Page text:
Proper hydration is critical for young athletes
Keep your student athlete hydrated during summer sport practices and camps.
Drink more water! It’s something we’ve all heard but don’t always do. With approximately 75 percent of our body weight being water, we can’t live for more than one week without it. With temperatures climbing and children engaged in summer physical activities, it’s more important than ever to ensure that the young athletes in your family are getting enough water in their diet.
Water requirements for athletes vary daily, as the amount of water needed depends on their level of physical activity, ambient temperatures and various other factors. Water regulates body temperature, which is something very important during strenuous activities, especially when outside or in facilities lacking air conditioning. Training for just 30 minutes can generate up to a half-gallon of perspiration. It’s incredibly important to replenish your child with water to prevent heat-related illness and injury. Severe dehydration can lead to a lack of energy and mental confusion, as well as fainting and impaired kidney function.
Dehydration can lead to serious health issues such as an irregular pulse, seizures, coma and even death. Therefore make sure your child and their coach understand the need to consume adequate amounts of water before sending them to sport’s camp for a week. Michigan State University Extension recommends that your child or teen should consume between 1.5 to two cups of water for every 15 to 20 minutes of physical activity. It is important that children continually drink water before, during and after physical activity.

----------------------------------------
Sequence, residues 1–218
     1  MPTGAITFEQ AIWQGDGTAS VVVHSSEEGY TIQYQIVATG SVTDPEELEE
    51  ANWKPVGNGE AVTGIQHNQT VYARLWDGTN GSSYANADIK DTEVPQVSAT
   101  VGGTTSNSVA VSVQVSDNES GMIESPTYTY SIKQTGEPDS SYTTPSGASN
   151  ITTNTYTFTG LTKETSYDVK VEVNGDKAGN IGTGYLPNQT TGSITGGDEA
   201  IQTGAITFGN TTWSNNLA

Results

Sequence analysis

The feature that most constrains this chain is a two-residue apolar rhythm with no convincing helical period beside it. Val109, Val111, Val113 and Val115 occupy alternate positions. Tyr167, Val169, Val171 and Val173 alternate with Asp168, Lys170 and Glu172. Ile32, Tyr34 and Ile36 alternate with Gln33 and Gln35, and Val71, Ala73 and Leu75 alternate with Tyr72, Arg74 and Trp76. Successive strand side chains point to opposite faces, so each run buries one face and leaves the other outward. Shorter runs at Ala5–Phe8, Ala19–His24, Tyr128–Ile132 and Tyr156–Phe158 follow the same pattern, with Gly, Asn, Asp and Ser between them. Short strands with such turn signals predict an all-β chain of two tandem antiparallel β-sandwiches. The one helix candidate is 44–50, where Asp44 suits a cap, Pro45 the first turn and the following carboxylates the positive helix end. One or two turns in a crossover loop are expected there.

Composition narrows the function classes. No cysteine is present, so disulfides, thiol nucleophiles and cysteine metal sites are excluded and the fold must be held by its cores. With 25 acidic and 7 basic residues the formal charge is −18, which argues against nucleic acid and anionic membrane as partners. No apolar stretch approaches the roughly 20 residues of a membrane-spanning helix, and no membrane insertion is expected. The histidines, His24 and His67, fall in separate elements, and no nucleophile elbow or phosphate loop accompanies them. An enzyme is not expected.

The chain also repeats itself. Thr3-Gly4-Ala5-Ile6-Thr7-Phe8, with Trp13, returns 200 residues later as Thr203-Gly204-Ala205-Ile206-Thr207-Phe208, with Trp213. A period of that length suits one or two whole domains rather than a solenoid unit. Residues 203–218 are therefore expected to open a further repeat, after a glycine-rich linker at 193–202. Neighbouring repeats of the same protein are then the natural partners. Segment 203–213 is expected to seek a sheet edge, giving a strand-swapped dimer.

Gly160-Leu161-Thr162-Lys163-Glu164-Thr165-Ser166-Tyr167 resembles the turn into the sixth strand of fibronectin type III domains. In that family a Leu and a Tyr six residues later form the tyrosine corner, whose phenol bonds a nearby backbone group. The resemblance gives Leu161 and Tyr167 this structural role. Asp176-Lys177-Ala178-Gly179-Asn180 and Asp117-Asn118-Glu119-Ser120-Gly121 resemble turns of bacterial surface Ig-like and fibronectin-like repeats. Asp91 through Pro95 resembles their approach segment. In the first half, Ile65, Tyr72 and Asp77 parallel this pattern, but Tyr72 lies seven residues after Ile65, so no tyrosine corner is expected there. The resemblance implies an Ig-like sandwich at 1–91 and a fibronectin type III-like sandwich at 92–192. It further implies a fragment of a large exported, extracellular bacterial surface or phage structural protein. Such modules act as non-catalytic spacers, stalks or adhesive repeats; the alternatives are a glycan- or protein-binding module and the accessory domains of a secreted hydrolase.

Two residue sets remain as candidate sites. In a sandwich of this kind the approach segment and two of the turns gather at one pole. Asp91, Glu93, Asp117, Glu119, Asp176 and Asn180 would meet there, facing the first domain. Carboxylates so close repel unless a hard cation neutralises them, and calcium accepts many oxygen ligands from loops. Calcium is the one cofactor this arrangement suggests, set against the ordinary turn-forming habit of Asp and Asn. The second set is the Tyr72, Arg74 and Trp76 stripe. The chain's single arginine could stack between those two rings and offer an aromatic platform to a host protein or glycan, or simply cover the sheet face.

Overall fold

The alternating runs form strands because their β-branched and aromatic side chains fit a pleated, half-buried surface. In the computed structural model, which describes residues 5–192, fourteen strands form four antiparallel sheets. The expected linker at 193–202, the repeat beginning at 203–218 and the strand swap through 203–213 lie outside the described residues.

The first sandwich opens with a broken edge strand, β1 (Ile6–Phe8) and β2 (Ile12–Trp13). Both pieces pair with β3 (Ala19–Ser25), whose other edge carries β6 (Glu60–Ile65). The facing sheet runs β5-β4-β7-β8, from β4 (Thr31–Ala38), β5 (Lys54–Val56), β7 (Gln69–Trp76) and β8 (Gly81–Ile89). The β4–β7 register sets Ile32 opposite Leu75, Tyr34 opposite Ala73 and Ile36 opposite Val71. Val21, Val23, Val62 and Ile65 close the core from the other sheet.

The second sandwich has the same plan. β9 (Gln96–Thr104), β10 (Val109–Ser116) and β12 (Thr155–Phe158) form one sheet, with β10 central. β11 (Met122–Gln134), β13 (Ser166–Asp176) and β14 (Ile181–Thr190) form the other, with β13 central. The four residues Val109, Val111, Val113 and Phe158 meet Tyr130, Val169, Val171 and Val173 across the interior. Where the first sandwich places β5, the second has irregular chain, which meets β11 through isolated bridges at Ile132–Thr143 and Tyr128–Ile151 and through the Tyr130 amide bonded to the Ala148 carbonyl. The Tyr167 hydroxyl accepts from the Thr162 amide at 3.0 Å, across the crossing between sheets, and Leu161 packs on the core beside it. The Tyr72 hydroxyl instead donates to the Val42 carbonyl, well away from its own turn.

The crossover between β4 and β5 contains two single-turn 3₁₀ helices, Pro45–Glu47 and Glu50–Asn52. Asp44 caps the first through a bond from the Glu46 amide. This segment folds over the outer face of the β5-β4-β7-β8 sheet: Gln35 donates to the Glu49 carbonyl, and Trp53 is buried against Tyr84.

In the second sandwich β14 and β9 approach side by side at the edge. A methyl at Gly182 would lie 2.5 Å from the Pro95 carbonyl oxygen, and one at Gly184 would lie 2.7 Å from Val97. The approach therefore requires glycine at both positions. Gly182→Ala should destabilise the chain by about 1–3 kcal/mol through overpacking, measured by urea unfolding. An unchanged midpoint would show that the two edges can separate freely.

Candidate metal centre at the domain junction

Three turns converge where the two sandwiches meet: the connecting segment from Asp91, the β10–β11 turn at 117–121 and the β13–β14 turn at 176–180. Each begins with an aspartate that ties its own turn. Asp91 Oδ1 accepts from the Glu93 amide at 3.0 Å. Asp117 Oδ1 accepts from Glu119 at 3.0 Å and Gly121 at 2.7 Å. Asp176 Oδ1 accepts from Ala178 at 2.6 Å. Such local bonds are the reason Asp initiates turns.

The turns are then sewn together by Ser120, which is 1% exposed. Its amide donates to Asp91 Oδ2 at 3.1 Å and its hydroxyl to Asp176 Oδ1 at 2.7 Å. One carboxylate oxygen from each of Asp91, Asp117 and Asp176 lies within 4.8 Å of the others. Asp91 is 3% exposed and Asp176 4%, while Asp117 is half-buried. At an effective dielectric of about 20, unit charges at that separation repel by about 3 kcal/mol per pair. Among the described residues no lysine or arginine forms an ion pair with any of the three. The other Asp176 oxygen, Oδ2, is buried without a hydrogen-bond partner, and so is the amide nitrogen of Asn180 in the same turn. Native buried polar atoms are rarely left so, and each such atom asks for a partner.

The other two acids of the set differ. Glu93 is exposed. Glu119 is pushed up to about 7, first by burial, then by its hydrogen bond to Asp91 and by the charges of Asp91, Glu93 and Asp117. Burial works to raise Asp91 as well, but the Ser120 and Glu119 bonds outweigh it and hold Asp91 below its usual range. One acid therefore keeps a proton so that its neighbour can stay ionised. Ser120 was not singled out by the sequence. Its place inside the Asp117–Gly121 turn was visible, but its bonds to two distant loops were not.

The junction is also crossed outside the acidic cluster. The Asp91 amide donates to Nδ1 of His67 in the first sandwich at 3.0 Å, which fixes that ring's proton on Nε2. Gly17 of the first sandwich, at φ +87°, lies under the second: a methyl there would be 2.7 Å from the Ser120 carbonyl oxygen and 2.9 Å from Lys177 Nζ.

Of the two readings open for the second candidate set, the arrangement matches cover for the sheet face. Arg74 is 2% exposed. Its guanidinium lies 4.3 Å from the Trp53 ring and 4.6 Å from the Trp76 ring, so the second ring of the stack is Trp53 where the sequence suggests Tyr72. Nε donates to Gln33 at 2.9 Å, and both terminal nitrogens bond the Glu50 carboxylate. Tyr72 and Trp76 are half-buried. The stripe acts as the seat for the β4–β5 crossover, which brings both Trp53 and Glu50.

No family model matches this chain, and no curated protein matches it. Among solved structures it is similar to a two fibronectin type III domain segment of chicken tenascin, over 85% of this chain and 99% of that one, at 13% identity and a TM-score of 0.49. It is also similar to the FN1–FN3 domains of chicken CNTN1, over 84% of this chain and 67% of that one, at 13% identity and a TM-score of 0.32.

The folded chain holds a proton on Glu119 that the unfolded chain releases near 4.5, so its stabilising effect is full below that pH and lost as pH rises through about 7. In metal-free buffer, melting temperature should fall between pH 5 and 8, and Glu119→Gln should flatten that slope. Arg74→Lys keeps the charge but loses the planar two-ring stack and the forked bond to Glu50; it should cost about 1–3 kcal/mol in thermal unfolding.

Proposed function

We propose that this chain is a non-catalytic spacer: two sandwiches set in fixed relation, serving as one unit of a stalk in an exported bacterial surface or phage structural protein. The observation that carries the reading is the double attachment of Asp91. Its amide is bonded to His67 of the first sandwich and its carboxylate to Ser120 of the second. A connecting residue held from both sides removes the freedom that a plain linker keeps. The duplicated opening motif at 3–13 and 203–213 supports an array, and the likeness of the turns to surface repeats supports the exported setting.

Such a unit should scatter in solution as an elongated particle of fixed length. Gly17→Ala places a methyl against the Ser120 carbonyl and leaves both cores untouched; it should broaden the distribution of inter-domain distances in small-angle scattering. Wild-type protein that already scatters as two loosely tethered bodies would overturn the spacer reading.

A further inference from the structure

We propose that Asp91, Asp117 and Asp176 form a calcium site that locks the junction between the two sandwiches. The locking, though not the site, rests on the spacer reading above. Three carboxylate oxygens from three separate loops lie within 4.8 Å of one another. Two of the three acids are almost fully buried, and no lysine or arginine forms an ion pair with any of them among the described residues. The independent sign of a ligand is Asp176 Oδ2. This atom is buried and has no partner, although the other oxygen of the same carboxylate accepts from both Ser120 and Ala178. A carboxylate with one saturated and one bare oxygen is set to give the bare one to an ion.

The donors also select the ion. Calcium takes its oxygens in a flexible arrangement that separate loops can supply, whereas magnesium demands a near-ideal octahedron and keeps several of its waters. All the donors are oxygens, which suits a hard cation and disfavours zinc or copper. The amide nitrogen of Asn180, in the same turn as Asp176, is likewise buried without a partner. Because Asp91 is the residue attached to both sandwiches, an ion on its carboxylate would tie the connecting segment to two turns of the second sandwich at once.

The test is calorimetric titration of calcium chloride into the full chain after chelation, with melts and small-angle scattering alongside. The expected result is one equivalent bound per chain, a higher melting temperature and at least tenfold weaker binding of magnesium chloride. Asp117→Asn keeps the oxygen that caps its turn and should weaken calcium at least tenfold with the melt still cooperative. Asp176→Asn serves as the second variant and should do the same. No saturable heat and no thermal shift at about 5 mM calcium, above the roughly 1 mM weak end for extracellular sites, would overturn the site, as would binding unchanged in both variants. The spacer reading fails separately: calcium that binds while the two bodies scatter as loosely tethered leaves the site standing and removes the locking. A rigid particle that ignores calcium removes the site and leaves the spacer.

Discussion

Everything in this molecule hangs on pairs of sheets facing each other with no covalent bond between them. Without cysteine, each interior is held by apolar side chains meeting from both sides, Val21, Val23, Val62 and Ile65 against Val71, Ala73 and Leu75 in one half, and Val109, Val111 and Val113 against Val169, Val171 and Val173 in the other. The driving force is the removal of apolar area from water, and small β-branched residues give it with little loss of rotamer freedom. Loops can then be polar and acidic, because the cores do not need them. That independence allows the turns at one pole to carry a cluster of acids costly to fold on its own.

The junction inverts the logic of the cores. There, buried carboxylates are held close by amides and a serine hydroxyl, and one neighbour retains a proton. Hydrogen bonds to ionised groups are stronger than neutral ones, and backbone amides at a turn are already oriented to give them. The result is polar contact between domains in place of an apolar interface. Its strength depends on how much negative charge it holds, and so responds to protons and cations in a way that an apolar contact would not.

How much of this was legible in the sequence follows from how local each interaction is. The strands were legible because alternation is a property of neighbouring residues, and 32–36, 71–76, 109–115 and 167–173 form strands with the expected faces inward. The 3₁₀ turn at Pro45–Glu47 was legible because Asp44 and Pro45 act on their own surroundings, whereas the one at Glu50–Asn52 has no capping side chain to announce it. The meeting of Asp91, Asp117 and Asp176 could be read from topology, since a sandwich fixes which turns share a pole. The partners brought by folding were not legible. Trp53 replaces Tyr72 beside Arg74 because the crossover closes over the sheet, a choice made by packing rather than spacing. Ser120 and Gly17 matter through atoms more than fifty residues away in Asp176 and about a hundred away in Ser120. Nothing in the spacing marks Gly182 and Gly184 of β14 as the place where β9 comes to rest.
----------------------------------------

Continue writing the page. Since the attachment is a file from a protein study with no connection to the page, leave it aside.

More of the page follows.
Some athletes resort to consuming sports drinks that contain electrolytes. If your child eats a healthy diet that meets their energy and nutrient needs and drinks a sufficient amount of water, then electrolyte replenishment beverages aren't necessary. High endurance athletes that train longer than one hour may benefit from glucose and electrolyte replacements. Water is also more quickly absorbed by the digestive tract than sports drinks, allowing your body to utilize it faster.
So how can you help ensure that your athletes are getting adequate hydration? Make sure they have a reusable water bottle that can be refilled throughout the day. If possible, have them wear light-weight clothing that allows heat to be quickly released from the body. MSU Extension recommends that they eat the daily recommendations for fruits and vegetables to help increase hydration. Some produce, such as celery and watermelon, contains up to 90 percent water, which can help increase hydration as well as provide important nutrients.
Hydration is crucial when children are physically active in the summer. Make sure your young athlete is drinking plenty of water so they will get the most out of their summer activities!